This highway based trek note follows Route No. One up the WA coast to the tourist Mecca of Coral Bay. Take in the coastal towns of the Batavia Coast, including Dongara and Geraldton - maybe staying overnight or two before reaching the southern gateway to the Ningaloo Reef.
Powerline TrekPowerline Trek
This is a popular 4WD day-trek close to Perth. Previously full of exciting challengings in muddy winter conditions, the track has been repaired to ensure your chances of getting bogged are removed. It still provides steep rocky inclines and good scenery.
Quobba CoastQuobba Coast
Quobba Coast is a spectacular and rugged stretch of coastline in the Gascoyne region of WA. Red Bluff - located on Quobba Station tames the ruggedness, with its sheltered bay - ideal for camping, swimming, snorkelling, fishing and surfing.
Shark Bay and Monkey MiaShark Bay and Monkey Mia
This arid coastal area has extraordinary appeal.The World Heritage listed Shark Bay area is home to more than a few unique natural wonders including living stromatolites, dugongs and dolphins.[Feature Story]
Steep PointSteep Point
This trek heads towards Steep Point - the most westerly point of the Australian mainland. Vehicle access is by 4WD only. After returning to the main junction (approx 8kms south of Cloughs Bar), the second part of the trek heads towards Crayfish Bay.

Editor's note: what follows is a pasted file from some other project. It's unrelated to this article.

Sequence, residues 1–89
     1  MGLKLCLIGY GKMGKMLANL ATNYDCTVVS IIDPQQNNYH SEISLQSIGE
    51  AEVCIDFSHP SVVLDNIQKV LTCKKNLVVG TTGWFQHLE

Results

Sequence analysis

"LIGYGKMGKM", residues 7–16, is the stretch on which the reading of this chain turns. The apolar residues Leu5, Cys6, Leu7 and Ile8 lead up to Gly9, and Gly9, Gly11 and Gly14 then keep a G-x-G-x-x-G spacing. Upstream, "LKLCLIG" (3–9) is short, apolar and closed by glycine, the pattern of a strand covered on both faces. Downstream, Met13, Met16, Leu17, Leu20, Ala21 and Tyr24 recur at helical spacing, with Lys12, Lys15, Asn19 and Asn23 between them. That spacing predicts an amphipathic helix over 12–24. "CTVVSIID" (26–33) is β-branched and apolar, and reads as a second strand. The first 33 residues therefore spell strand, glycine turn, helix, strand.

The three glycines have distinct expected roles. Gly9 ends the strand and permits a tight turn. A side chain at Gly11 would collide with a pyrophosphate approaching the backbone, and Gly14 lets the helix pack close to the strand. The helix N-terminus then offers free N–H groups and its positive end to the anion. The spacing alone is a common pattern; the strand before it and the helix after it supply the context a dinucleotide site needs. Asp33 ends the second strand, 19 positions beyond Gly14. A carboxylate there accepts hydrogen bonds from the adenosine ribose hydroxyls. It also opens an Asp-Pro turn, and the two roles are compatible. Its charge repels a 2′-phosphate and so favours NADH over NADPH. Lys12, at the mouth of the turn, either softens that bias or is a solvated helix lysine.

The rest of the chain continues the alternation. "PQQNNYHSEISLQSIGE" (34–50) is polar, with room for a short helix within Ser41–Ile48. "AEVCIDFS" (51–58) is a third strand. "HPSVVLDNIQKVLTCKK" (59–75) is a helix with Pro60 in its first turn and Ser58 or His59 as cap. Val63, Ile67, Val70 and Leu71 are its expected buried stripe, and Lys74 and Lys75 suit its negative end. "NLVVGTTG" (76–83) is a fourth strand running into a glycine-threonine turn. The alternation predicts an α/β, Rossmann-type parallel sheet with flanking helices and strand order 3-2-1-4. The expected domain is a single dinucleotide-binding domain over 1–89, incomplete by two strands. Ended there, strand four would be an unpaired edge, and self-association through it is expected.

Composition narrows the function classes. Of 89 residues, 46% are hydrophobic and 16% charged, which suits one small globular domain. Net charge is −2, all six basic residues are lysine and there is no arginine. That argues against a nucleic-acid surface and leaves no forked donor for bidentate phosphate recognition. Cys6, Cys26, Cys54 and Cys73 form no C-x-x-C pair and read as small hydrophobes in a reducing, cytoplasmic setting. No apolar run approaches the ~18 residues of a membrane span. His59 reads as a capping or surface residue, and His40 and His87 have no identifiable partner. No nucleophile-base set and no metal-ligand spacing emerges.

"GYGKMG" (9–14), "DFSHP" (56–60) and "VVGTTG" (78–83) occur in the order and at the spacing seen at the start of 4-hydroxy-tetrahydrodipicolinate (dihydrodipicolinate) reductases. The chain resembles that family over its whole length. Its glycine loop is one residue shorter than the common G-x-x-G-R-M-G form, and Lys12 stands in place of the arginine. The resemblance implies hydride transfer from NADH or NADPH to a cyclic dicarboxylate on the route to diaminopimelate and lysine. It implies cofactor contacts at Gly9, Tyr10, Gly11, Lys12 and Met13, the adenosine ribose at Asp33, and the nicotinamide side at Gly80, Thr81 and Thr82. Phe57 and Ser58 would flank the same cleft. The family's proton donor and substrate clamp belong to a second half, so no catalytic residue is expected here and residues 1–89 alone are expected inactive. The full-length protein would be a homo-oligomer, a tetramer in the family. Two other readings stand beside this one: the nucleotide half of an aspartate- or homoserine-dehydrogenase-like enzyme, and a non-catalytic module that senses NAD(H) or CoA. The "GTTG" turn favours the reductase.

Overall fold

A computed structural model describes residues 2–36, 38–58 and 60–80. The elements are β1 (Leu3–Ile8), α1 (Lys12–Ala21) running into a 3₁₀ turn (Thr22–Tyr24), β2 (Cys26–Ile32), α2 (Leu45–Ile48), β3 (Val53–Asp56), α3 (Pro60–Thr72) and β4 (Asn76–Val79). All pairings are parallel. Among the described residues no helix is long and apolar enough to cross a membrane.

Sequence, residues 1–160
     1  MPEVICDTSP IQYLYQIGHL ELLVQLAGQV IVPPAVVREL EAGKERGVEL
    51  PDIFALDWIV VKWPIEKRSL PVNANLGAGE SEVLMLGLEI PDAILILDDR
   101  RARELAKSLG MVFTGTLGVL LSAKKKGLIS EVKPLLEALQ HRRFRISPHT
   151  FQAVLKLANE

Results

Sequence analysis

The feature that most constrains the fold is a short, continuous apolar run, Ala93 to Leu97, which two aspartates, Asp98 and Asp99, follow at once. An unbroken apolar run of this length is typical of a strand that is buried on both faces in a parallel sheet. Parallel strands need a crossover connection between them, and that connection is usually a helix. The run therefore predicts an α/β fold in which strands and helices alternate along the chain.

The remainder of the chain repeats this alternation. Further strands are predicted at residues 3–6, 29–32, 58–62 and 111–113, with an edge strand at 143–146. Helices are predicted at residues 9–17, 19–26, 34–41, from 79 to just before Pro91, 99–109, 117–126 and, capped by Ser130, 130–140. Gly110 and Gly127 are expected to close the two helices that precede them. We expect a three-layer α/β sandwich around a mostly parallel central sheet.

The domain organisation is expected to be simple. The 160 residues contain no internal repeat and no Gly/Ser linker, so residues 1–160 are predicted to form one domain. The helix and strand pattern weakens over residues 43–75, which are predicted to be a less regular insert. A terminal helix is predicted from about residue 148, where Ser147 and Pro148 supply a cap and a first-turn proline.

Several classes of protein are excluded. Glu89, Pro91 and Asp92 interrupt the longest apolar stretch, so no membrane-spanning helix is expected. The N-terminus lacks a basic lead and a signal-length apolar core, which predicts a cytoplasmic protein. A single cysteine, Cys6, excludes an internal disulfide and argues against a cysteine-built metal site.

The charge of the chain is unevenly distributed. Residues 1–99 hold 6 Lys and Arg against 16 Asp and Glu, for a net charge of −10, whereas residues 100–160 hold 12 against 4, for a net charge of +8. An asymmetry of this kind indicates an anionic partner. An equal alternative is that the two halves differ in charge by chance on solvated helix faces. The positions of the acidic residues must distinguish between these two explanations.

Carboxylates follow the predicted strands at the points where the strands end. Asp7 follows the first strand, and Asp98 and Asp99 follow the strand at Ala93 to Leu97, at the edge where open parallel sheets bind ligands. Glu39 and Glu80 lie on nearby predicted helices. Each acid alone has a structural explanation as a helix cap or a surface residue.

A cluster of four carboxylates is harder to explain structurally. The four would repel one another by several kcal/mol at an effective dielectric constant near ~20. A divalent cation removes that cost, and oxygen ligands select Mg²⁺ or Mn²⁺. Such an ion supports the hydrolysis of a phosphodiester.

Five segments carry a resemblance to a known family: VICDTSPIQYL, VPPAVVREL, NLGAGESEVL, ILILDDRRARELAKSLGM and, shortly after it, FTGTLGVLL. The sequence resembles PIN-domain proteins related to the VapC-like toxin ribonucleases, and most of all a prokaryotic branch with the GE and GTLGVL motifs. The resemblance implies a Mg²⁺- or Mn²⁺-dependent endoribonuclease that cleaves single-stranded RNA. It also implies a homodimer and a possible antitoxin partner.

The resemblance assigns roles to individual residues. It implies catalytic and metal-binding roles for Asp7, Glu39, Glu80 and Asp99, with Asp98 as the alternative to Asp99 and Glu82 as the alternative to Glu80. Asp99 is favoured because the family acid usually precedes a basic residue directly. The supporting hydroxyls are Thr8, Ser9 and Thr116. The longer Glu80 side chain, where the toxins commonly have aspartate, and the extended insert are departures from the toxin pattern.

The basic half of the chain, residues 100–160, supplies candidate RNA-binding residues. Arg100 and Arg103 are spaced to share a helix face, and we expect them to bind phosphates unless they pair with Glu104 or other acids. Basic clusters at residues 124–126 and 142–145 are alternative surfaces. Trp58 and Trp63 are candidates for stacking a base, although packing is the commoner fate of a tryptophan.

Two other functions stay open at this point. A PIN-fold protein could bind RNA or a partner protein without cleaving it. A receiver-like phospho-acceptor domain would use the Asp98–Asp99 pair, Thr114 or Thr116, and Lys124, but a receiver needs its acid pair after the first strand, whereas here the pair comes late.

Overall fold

Stockyard GullyStockyard Gully
These caves are located some 250 km north of Perth. It's an easy 1 day trek from Perth with only a short section of sandy, limestone outcropped track to reach the caves.
Wedge Island Beach RunWedge Island Beach Run
Access within the Defence Area is now closed, however beach run ok with extreme caution as you will need to travel on soft sand below the high water mark.
Popular with locals, this track is one of the rare locations near metro Perth where you can legally drive amongst the sand dunes and get onto the beach line. This trek is suitable for most levels of experience.

Go to top WA Coast Weather & Climate

Closest Weather Station

Perth at 22/08:30pm WST
Distance from Perth 3.67km N
TemperatureFeels LikeRel. HumidityDew PointPressureRainfallWind DirectionWind SpeedGusts

Closest Climatic Station

Perth Metro
Distance from Perth 3.67km N
Mean Max. °C31.131.629.725.822.519.318.418.920.223.226.429.0
Mean Min. °C18.118.316.613.610.
Mean Rain mm16.08.521.336.287.6129.5146.8121.487.539.724.510.8